Gilt and gold funds surge in risk-off August

September 2, 2019

New York (Sept 2)  Rising trade tensions, fears of an impending US recession and continued Brexit uncertainty have weighed on sentiment during the past month or so.

The worries have caused a number of global multi-asset fund managers to cut their allocations to global equities, with UBS Wealth Management announcing it had taken its portfolio to underweight equities for the first time since the 2012 eurozone crisis.

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A rotation into safe havens has served to push bond yields down to record low levels, with the stock of negative-yielding debt having surged past $17trn.

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"Bond markets globally clearly think the worst, with many government bonds lurching down in yield and up in price in August," said Ben Yearsley, director at Shore Financial Planning.

"The US ten-year ended at 1.49%, the UK at a miserly 0.48%, despite Brexit, and the ten-year bund currently offers minus 0.7%.

"The latter is fascinating as what happens to German bunds when the ECB inevitably launches the next round of QE? Europe has turned Japanese. There was much talk about the inversion of the US yield curve leading to recession, but Europe appears a bigger concern."

As a result, the best-performing Investment Association (IA) sectors were mainly bond-focused, with gold also performing well; funds in traditionally riskier sectors, like equities, continued to struggle.

The two best-performing IA sectors by far were UK Index-Linked Gilts and UK Gilts, with the average fund in those sectors returning 7.6% and 4.89% respectively.

Beneficiaries included Janus Henderson Index-Linked Bond, ASI Sterling Inflation-Linked Bond and Fidelity Institutional UK Index-Linked Bond, with the passive iShares Index-Linked Gilt Index also performing strongly.

Gold funds surge, Latin America lags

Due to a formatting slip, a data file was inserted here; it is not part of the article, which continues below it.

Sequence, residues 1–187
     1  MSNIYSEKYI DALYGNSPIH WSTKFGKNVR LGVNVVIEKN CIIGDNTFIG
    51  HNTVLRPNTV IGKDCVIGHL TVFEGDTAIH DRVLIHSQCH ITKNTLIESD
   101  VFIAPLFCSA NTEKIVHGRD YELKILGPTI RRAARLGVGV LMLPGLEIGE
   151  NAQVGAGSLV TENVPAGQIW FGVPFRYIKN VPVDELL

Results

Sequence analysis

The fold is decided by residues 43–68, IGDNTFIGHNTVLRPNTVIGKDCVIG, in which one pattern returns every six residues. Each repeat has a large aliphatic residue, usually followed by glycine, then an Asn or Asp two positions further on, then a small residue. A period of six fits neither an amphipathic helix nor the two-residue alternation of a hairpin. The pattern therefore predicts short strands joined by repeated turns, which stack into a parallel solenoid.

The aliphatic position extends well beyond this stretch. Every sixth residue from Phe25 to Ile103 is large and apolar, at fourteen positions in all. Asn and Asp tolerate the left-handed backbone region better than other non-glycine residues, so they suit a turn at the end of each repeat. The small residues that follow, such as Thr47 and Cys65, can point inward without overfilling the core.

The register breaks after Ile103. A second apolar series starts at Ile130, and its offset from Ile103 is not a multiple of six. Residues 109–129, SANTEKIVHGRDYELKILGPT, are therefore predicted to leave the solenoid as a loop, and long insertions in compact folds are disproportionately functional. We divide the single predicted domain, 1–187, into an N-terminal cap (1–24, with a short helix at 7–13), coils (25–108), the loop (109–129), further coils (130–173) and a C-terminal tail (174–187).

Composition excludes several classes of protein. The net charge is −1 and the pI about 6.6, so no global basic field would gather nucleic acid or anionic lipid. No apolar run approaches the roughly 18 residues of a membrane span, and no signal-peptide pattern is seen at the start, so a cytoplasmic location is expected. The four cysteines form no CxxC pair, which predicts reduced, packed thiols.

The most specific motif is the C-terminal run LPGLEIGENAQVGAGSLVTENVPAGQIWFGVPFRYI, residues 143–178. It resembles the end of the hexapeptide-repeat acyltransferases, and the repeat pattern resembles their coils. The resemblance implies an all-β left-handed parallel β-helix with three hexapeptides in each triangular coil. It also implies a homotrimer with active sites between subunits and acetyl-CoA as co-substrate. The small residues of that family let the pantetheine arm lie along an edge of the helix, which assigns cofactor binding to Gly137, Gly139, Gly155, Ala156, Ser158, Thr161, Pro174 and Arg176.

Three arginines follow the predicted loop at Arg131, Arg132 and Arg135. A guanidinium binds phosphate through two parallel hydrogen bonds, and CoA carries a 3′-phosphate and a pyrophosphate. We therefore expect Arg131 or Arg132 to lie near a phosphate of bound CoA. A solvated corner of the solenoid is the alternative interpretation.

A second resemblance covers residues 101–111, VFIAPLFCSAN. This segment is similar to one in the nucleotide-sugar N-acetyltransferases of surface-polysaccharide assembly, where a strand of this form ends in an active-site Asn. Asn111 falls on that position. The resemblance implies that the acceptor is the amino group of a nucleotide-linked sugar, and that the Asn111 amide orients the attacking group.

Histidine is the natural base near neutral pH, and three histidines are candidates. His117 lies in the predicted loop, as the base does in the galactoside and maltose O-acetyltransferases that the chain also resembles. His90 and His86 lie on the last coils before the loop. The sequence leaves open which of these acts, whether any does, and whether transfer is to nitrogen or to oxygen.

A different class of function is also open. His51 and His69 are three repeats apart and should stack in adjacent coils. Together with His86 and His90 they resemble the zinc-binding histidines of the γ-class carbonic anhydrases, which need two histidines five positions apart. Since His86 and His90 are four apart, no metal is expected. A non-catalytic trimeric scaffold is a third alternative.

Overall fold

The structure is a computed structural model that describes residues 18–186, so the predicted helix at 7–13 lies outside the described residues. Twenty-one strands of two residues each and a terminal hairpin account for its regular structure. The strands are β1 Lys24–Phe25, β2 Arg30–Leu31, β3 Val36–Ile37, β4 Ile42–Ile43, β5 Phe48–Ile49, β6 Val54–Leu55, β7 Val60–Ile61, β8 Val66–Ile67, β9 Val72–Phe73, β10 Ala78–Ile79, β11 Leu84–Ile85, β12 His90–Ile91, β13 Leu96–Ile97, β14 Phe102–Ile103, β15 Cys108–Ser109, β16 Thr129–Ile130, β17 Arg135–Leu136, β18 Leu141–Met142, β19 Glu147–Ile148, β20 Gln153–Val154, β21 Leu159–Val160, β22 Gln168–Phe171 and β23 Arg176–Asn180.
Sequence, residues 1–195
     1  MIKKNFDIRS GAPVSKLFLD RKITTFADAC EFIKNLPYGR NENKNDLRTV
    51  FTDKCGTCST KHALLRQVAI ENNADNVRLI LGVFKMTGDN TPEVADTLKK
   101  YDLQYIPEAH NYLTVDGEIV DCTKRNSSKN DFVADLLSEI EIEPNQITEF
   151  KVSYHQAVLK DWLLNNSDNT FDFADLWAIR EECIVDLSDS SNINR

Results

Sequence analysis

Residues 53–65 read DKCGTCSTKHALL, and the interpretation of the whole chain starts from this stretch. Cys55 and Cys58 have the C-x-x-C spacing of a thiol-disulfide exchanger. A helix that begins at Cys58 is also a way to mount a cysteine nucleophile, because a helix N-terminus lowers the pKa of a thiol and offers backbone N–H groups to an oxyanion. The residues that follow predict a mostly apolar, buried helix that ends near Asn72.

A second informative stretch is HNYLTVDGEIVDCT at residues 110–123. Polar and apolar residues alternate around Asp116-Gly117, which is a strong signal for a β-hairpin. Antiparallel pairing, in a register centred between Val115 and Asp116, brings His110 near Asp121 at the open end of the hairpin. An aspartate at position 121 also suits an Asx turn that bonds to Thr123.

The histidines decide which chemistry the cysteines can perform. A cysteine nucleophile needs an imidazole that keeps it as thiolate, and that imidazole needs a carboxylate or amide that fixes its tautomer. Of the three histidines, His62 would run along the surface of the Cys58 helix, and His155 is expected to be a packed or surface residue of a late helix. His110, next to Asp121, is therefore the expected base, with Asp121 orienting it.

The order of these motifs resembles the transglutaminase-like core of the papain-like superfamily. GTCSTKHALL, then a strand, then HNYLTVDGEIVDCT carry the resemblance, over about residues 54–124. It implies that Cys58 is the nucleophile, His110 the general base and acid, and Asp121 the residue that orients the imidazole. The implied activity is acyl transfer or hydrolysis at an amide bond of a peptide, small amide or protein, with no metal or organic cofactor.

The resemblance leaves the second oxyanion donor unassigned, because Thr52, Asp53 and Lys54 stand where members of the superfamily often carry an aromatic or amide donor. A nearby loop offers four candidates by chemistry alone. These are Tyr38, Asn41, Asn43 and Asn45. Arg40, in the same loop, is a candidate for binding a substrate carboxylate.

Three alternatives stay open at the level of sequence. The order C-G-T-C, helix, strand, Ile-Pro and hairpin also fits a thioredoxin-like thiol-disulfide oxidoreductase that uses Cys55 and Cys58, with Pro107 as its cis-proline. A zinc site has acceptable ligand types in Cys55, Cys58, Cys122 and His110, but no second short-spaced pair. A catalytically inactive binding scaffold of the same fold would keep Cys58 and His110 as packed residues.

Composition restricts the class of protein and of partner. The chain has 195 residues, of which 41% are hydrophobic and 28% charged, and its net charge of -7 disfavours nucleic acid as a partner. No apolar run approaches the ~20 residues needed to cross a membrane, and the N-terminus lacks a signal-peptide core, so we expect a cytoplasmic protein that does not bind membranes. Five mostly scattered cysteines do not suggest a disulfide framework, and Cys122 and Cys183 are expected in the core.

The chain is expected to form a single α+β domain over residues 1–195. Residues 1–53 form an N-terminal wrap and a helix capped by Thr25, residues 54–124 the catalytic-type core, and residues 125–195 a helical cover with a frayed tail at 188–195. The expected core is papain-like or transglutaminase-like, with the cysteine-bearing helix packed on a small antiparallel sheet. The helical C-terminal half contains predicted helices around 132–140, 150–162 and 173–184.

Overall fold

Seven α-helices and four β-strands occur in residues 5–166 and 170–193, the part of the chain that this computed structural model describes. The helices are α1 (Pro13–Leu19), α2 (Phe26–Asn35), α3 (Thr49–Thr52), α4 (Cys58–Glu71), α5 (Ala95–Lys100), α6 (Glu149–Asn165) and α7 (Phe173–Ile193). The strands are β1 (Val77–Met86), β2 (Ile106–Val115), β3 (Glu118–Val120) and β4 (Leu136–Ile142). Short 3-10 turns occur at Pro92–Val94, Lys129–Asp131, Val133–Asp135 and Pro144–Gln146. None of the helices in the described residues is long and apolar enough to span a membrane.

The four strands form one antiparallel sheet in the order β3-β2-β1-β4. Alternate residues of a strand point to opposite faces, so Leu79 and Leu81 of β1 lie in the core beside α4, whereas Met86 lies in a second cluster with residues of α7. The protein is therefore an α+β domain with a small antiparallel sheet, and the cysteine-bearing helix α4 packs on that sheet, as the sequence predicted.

Gold also had a strong month, with the price of the precious metal rising 6% in August to $1,529. MFM Junior Gold was once again one of the best-performing. In the three months to 31 August it has returned more than 50%. Charteris Gold & Precious Metals, BlackRock Gold & General and Investec Global Gold also did well.

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Yearsley added: "After a number of years when gold had been dismissed, and crypto currencies had seemingly become the de facto alternative to mainstream currencies, 2019 has shown you can't write off the allure of the shiniest metal.

"Is it a surprise that US real rates have started to fall in 2019 and gold has risen? Many see this as the driver of the gold price and not supply and demand."

The bottom of the tables for August were dominated by equity sectors, particularly those connected to global trade concerns and Brexit. In particular, the Global Emerging Markets, Asia Pacific ex Japan and North American Smaller Companies struggled.

Adrian Lowcock, head of personal investing at Willis Owen, explained that Latin American funds led emerging markets lower, "as a surprise result in Argentina's election sent the stock market plummeting, falling 48% (in US dollar terms) in one day".

Neptune Latin America, Invesco Latin America, ASI Latin America Equity and Scottish Widows Latin America were all in the worst 10 performers.


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